“‘I am a doctor. They won’t hurt me,’ he said.
“Although the doctor and the nurse were both injured seriously in the violence, he was glad the boy was saved.
“Talking about his story, Losang Cering didn’t appear proud at all. ‘It was my duty,’ he said, ‘when we are in trouble, I believe that the Hans would do the same.’
“Losang Cering was right.
“Feng Bixia might have to live with a long scar in her left ear for the rest of her life, but the two Tibetan children she tried to protect were returned home at last, safe and sound.
“It was at about 3 p.m. last Friday, when the businesswoman, who came from Shaanxi 10 years ago, heard noise from the street and planned to close the door of her advertising store. She suddenly found a boy and a girl weeping outside.
“Feng let them in, trying to comfort the scared children.
“About 20 minutes later, the girl’s father called her. ‘Papa wants me to be back,’ she said anxiously.
“‘It was too dangerous,’ Feng replied. She thought for a while and made up her mind. ‘I will go with you.’
“Several rioters rushed them when the shop owner let the two children out of the store. Feng was hacked in the chest and her left ear was pierced. Equipment in her store was smashed, and valuables robbed.
“‘Nevertheless, everyone with a conscience would do the same as me,’ she said.
“A Tibetan old lady in her 70s from Chengguan district took a family quivering in the public toilet back home, and accompanied them to a safer area at midnight.
“A monk hid a boy chased by rioters in the temple.
“The 65-year-old Dawa Cering left the door open amid the turmoil, saying to Han neighbors, ‘welcome to my home if you are in danger.’
“Unrest that broke out in Lhasa on March 14 led to the deaths of13 civilians, including both Tibetans and Hans who got hacked or burnt. More than 300 others were injured.
“The violence was widely condemned by people from all sectors.
“China Central Television (CCTV) carried a footage showing a Tibetan lady saying indignantly, ‘children can’t go to school; workers can’t work; it is them who spoiled our tranquil life.’
“The 11th Panchen Lama, Gyaincain Norbu, said on Sunday that the riot in Lhasa ran counter to Buddhist tenets.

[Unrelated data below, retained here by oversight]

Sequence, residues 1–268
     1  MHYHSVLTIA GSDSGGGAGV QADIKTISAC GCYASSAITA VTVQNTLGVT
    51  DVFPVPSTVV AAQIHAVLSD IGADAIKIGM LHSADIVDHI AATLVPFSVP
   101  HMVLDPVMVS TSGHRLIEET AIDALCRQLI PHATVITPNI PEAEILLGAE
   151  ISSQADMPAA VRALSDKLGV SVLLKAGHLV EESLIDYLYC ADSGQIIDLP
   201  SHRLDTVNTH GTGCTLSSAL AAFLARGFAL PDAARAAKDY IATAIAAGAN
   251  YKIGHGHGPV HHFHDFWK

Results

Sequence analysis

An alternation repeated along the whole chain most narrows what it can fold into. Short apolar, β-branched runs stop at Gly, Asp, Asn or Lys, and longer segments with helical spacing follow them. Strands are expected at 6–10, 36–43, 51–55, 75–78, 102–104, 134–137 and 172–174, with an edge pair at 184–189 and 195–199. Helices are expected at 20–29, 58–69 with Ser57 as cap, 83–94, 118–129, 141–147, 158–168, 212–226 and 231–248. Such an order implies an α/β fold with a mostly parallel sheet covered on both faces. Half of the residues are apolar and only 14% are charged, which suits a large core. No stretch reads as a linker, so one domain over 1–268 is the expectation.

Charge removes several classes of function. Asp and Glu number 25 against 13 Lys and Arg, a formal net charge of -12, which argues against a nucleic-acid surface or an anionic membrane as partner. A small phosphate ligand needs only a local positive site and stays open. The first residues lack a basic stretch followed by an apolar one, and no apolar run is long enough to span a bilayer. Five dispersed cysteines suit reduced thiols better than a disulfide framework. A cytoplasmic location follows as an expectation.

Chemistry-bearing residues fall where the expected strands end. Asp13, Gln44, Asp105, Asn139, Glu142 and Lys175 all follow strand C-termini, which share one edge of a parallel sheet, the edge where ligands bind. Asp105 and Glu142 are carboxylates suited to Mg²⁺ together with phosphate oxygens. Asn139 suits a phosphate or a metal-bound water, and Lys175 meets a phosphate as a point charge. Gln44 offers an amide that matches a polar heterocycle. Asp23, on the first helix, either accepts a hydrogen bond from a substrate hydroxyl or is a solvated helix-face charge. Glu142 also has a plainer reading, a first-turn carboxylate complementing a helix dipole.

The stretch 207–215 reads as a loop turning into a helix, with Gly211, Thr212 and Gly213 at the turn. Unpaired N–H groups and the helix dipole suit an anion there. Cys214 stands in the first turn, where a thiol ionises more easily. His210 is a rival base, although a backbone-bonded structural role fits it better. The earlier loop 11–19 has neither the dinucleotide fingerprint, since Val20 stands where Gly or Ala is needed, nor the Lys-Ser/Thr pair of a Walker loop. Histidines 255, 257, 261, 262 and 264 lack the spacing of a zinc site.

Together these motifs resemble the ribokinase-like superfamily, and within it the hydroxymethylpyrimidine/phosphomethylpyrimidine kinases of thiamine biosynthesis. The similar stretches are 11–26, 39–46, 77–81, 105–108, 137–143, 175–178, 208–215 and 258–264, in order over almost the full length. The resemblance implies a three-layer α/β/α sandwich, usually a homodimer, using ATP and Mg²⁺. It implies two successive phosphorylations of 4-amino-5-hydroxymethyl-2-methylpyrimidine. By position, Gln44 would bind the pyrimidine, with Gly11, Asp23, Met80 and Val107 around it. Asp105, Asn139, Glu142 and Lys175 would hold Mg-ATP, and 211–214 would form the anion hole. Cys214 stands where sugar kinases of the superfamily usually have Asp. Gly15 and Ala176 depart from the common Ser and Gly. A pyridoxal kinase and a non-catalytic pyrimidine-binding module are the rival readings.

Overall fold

“Baoluo, an associate research fellow with the Tibet Academy of Social Sciences, pointed out that according to archaeological and historical data, Tibetans and Hans are of the same origin, whose ancestors were lived in the upper and middle reaches of the Yellow River 10,000 years ago.
“‘Any scheme wrecking social stability in Tibet and attempting secede Tibet from China would go against people’s will,’ said Tibet regional chairman Qiangba Puncog, ‘it is doomed to fail.'” [P]
That was from People’s Daily Online. Obviously they are being selective, taking steps to avoid a race-war of the sort that irresponsible reporting can easily spark. But they also detail incidents that were mostly ignored by Western media, who show no interest in discovering truths unfavourable to the Tibetan separatist cause:
“More than 100 citizens mourned five women victims of the Tibet riot in front of the shop where they died.
“Holding lilies and candles, mourners shuffled slowly forward in a queue. They put flowers and candles in front of the young women’s photos posted on the burnt wall of the shop.
“The five were sales assistants in a Yishion clothing store on a busy commercial street in downtown Lhasa. They were burnt to death in a fire started by rioters during the Lhasa riot last week.
“They were Cering Zhoigar from Xigaze, Han Xinxin from Henan Province, and Chen Jia, Yang Dongmei and Liu Yan all from neighboring Sichuan Province.
“‘We were surrounded by yelling and the noise of windows shattering sometime after 2 p.m.,’ said their 20-year-old colleague Zhoi’ma, the only survivor.
“The young women huddled together, shaking and crying, when the mobs broke in to smash up the shop, Zhoi’ma said. ‘We were too scared to even breath.’
“When flames spread upstairs, Zhoi’ma was the only one who squeezed through a small gap torn in the shop door by the mob.
“‘I can’t eat. I can’t sleep. I see their faces whenever I close my eyes,’ Zhoi’ma said.
“‘I should have looked back. I shouted to them to follow me. I thought they were following me, but they didn’t,’ said Zhoi’ma, the only survivor. ‘If I had looked back, they would be with me now.’
“Chen Jia, 18 and the youngest of the five, sent a text message to her father at 3:42 p.m. on that fateful day, saying, ‘Mobs are killing people around my shop. We dare not go out. Don’t worry about me. Tell mum and my sister not to go out.’
“Ten minutes later, the shop was on fire.[Q]
Lots of people dislike having their way of life changed by immigrants. But the BBC takes a whole range of different attitudes, depending on where it might be happening. In the case of Tibet, violent race riots have been treated with undue sympathy.
[M] My selections from numerous comments at [http://news.bbc.co.uk/2/hi/talking_point/default.stm]
[N] Christian Science Monitor [http://www.csmonitor.com/2008/0314/p99s07-woap.html]
[P] Facing riot, Tibetans, Hans side by side. [http://english.peopledaily.com.cn/90001/90776/90882/6378730.html]